Zebra Mussels discovered in Wellington City Lake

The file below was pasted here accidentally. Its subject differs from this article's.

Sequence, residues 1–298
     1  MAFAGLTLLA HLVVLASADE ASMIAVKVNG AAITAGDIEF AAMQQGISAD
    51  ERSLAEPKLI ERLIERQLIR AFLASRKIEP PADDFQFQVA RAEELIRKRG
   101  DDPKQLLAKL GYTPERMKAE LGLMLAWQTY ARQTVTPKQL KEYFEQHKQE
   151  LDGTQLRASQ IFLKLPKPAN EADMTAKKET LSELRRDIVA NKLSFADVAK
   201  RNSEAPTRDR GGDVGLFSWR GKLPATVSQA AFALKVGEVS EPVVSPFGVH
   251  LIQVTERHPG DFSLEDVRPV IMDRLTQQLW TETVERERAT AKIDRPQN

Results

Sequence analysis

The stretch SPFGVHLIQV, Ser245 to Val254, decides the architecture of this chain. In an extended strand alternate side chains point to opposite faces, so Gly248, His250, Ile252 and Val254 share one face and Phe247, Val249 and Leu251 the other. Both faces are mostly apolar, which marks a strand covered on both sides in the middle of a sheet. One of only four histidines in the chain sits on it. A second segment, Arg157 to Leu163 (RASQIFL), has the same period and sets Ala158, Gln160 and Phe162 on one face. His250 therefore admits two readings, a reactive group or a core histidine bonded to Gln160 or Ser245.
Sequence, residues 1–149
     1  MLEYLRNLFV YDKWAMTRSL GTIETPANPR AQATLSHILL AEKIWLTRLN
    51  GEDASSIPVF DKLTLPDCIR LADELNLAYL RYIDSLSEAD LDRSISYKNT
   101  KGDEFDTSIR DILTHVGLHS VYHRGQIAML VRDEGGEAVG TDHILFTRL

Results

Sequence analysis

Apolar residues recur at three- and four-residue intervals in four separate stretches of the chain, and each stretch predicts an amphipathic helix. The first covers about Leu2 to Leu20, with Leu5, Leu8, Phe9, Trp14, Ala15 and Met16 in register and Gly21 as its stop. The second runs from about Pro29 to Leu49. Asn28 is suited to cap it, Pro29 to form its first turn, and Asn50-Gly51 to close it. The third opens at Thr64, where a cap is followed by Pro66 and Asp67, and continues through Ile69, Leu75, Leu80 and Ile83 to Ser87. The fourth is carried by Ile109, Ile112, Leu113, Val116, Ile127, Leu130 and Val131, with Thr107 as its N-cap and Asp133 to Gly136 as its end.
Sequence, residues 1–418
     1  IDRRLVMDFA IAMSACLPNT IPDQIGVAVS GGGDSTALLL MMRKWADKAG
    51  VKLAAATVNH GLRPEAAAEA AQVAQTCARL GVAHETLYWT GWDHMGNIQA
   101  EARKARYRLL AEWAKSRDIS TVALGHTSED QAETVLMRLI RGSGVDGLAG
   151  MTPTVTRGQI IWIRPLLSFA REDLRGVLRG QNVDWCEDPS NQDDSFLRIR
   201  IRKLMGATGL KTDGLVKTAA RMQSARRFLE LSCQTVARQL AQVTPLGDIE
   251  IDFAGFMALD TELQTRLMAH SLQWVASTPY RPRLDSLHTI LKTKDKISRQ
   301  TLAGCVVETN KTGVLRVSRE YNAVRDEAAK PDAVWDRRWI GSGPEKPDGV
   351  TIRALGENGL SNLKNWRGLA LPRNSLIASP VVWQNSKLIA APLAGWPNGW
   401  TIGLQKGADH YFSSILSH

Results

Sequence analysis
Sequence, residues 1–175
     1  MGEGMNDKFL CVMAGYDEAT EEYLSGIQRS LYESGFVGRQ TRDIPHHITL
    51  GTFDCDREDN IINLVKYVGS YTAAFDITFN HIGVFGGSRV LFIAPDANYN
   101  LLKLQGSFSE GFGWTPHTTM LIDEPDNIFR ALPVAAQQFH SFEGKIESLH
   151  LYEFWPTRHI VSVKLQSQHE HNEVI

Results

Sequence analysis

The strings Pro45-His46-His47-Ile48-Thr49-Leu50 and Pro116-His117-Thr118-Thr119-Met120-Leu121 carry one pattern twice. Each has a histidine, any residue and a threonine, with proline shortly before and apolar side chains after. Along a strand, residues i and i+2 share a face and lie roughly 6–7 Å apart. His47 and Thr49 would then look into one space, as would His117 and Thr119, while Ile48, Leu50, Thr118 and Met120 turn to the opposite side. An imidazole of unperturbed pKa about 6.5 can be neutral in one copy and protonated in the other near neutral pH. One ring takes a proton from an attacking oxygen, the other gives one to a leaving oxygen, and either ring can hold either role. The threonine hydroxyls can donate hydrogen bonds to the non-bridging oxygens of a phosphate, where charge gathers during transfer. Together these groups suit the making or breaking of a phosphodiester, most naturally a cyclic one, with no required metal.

first_imgThese Zebra Mussels were discovered at Wellington City Lake.Press release by Kansas Department of Wildlife, Parks and Tourism – The Kansas Department of Wildlife, Parks and Tourism has confirmed the presence of invasive zebra mussels in Wellington Lake in Sumner County. Wellington city staff discovered the invasive, sharp-shelled mollusks as they replaced buoy lines. KDWPT staff subsequently found well-established populations of zebra mussels of various ages in the old and new parts of the lake. There is no known method to completely rid a lake of zebra mussels.     Wellington Lake covers approximately 675 surface acres. The lake office is located at 452 West 50th Street South, which is about five miles west of Wellington on US Hwy 160, then about one mile south of the City of Mayfield. It is managed by the City of Wellington, and KDWPT manages the fishery as part of the department’s Community Fisheries Assistance Program (CFAP). The lake and recreation area offer a variety of outdoor activities such as boating, skiing, swimming, fishing, camping and skiing.            Jessica Howell, KDWPT Aquatic Nuisance Species Coordinator, reminds lake visitors that everyone using the lake plays a key role in stemming the spread of mussels to un-infested lakes. “This situation shows how important it is for boaters, anglers, swimmers and skiers to be aware of aquatic nuisance species (ANS) and to take precautions to prevent their spread,” she said.  Prevention is the best way to avoid spreading ANS. They often travel by “hitchhiking” with unsuspecting lake-goers. “Always clean, drain and dry boats and other equipment such as skis, life jackets and water toys before using another lake. Also, don’t transfer lake water or live fish to another body of water. This can help stop the spread of not only zebra mussels, but most aquatic nuisance species that may be present,” Howell said.  The lake will be added to the list of ANS-designated waters in Kansas, and notices will be posted at various locations around the shore. The sharp-shelled zebra mussels attach to solid objects, so lake-goers should be careful when handling mussel-encrusted objects and when grabbing an underwater object when they can’t see what their hands may be grasping. Visitors should protect their feet when walking on underwater or shoreline rocks.     Zebra mussels are just one of the non-native aquatic species that threaten our waters and native wildlife. After using any body of water, people must remember to follow regulations and precautions that will prevent their spread: ·         Clean, drain and dry boats and equipment between uses·         Use wild-caught bait only in the lake or pool where it was caught·         Do not move live fish from waters infested with zebra mussels or other aquatic nuisance   species·         Drain livewells and bilges and remove drain plugs from all vessels prior to transport from   any Kansas water on a public highway.For more information about aquatic nuisance species in Kansas, report a possible ANS, or see a list of ANS-designated waters, visit ProtectKSWaters.org. ———ABOUT ZEBRA MUSSELSZebra mussels are dime-sized mollusks with striped, sharp-edged, two-part shells. They can produce huge populations in a short time and do not require a host fish to reproduce. A large female zebra mussel can produce 1 million eggs, and then fertilized eggs develop into microscopic veligers that are invisible to the naked eye. Veligers drift in the water for at least two weeks before they settle out as young mussels which quickly grow to adult size and reproduce within a few months. After settling, zebra mussels develop byssal threads that attach their shells to submerged hard surfaces such as rocks, piers, and flooded timber. They also attach to pipes, water intake structures, boat hulls, propellers, and submerged parts of outboard motors. As populations increase, they can clog intake pipes and prevent water treatment and electrical generating plants from drawing water. In 2012, two Kansas communities, Council Grove and Osage City, experienced temporary water shortages from zebra mussel infestations before water intake structures could be cleaned up. Removing large numbers of zebra mussels to ensure adequate water flow can be labor-intensive and costly.Zebra mussels are native to the Black and Caspian seas of western Asia and eastern Europe and were spread around the world in the ballast water of cargo ships. They were discovered in Lake St. Clair and the Detroit River in 1988 and quickly spread throughout the Great Lakes and other rivers including the Mississippi, Illinois, Ohio, Tennessee, Arkansas and Hudson. They were first discovered in Kansas in 2003 at El Dorado Reservoir. Despite public education efforts to alert boaters about the dangers of zebra mussels and how to prevent spreading them, the species continues to show up in new lakes every year. Moving water in boats and bait buckets has been identified as a likely vector.For information about Wellington Lake, visit http://cityofwellington.net/wellingtonlake.htmllast_img read more

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